Innovative Collaboration

Tuesday, May 27, 2008

Last night I drifted off to sleep thinking about scientists and online collaboration. I've been thinking about these things as I drift off to sleep much more frequently than usual since I read the chapter on "social information foraging" in Peter Pirolli's Information Foraging Theory. In said chapter, Pirolli describes a number of studies of trends in large groups of specialists working towards a common set of goals, and the degree to which such communities of specialists collectively aid their individual members in making contributions to meeting said goals. The subjects explored within a few of these studies that really caught my eye were the use of co-citation analysis to visualize a field of study or network of specialists, and, as Pirolli puts it, the "brokerage of structural holes" in these networks. The former of these I was familiar with, as the technique's been pretty well explored from a variety of angles, but I had never seen the latter presented the way in which Pirolli does.

By 'structural holes', Pirolli means the areas within a field not being explored nearly as heavily by the specialists in the network as other areas. In any area of study, there will be a number of hot topics around which the majority of research within the field crystallizes. As a result, there will be perfectly viable topics for research that go unexplored, due to the community's collective ignorance of their viability, and a visualization of the network will show clusters of closely related papers, separated by gaps, or 'structural holes'. Members of the community rarely explore these gaps, because it is entirely unknown how fruitful such endeavors would be. So, disinclined to risk wasting their time looking for a chance breakthrough, they work to make incremental contributions to areas of ongoing study. However, when discoveries are made within these gaps, the benefit to the community is enormous, as it opens up a brand new area of study around which further research may develop. So, by way of a little cost/benefit analysis, it's possible to work out the optimal number of people a research community should have exploring these underdeveloped areas at any given time.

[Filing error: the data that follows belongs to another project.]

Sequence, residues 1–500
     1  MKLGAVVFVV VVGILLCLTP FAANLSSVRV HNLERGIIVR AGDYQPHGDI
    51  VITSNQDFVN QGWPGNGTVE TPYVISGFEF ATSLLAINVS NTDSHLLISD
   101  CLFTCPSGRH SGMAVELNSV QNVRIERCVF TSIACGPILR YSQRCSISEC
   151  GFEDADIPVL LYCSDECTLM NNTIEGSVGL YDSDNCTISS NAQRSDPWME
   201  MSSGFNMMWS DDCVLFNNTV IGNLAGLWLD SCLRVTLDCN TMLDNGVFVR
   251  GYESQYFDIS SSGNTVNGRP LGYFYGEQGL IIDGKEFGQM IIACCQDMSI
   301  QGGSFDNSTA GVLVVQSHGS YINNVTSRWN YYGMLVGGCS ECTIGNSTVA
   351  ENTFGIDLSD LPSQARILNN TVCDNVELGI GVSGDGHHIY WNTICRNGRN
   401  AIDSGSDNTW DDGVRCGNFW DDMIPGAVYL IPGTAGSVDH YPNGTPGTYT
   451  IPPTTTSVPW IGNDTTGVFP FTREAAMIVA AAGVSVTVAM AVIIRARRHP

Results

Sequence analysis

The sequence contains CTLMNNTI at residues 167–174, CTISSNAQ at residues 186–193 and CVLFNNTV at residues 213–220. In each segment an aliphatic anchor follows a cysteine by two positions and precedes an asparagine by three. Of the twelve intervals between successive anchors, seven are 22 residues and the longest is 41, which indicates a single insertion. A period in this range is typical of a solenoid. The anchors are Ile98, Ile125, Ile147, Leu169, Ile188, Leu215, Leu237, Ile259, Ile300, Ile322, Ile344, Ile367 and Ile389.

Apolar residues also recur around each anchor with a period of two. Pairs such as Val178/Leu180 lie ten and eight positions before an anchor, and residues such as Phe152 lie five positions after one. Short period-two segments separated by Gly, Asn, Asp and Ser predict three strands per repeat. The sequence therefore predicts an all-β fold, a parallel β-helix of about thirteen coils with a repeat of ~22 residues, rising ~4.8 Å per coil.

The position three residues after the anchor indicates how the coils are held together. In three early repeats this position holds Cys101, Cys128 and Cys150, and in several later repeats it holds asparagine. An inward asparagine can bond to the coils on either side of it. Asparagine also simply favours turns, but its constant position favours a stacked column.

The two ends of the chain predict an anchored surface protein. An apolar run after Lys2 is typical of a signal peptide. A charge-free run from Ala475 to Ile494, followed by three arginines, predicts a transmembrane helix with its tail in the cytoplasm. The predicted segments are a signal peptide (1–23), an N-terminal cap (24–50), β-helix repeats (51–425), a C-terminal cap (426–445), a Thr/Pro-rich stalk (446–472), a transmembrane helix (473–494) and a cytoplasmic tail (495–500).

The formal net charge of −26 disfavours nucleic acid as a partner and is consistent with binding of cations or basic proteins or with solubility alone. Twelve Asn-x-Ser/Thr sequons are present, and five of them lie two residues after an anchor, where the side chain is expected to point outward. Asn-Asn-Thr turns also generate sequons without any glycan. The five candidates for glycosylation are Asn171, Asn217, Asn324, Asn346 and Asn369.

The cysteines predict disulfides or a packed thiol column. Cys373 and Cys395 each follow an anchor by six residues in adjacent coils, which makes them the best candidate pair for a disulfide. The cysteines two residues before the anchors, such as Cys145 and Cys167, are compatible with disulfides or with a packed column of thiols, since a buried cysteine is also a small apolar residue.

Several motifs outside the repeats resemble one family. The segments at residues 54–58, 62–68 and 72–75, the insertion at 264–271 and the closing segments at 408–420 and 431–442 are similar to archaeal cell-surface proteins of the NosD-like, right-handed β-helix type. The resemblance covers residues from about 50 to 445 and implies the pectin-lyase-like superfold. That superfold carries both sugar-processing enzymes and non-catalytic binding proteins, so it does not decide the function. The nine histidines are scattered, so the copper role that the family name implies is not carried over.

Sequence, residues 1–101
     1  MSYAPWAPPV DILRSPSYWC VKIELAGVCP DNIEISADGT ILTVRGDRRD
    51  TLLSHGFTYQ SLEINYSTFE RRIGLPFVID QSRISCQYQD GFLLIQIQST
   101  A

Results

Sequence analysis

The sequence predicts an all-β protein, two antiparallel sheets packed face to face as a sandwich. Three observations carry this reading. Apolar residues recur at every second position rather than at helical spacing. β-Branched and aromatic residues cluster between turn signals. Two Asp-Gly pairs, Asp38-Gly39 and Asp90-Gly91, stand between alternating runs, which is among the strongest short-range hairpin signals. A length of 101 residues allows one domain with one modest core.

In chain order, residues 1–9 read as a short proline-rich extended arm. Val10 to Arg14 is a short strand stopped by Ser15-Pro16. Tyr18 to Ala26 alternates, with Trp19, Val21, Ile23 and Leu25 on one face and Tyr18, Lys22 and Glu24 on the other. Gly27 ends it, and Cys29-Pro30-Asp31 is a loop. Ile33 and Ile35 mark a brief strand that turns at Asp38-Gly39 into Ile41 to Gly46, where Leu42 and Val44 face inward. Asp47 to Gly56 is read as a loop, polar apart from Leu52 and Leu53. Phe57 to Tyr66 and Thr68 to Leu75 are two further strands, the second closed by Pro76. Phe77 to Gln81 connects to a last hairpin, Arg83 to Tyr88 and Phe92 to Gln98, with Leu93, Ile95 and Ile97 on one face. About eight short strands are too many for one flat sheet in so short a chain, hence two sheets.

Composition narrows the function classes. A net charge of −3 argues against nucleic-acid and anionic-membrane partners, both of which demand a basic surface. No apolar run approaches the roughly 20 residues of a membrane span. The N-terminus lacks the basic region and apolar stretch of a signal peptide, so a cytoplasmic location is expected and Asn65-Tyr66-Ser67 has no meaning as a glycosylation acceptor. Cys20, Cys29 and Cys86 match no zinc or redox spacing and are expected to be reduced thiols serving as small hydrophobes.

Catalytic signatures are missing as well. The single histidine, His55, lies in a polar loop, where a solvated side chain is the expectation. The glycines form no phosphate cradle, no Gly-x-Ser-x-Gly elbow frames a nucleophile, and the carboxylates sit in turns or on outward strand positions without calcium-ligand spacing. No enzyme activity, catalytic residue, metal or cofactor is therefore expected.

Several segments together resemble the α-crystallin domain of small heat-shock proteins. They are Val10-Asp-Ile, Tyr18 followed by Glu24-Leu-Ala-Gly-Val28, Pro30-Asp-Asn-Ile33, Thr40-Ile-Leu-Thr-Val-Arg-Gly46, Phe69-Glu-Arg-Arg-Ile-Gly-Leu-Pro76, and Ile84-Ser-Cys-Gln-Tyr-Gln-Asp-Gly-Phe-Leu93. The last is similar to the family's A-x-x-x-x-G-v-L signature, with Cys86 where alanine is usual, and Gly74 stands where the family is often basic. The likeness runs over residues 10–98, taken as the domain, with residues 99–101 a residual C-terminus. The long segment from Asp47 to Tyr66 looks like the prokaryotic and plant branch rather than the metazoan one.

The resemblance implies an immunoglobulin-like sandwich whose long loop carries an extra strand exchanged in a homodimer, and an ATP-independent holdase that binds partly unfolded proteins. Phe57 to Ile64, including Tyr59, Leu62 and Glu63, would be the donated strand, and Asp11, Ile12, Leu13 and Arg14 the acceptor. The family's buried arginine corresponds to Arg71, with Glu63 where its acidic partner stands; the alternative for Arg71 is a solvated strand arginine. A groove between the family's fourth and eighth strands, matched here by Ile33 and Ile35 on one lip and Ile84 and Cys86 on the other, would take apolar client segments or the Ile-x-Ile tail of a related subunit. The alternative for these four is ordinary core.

This is all very intriguing, but what really makes me raise an eyebrow is the application of these ideas to a few online collaboration support projects that have caught my eye in the last couple months. Berkeley's had a couple interesting projects along these lines, called BOINC and Bossa, which provide frameworks for distributed computing and what they call distributed thinking, respectively. BOINC provides a means for projects requiring a lot of processing power to recruit volunteers and form a computing cloud. Bossa similarly enables the cooperation of large numbers of individuals, in working toward some common research goal, like the cataloging of stars in a particular region of the sky. Similarly, MIT's Center for Collective Intelligence is dedicated to fleshing out the ways in which a bunch of people and a bunch of computers can work together to "act more intelligently than any individuals, groups, or computers have ever done before." To this end they've launched iCKN.org, which aims to use community visualizations to support the creation of "innovative collaborative knowledge networks."

All this brings us back to why I'm so enamored with the idea of online collaboration between professional and amateur scientists alike. The whole idea behind Helioid is to leverage the benefits gained by visualizing web searches and online communities, in order to facilitate a more effective form of exploration of the information available on the web. Aside from the impression we'll make on the general web search market, there's a huge impact to be made in supporting these sorts of collaborative endeavors on a massive scale. I can't help but dream of such massive collaborations, wherein groups of millions of professionals and amateurs are directed to unexplored research areas, in a collective effort to push every scientific field forward, and these efforts are supported by a core set of tools for visualizing the field of research and determining where the frontier lies.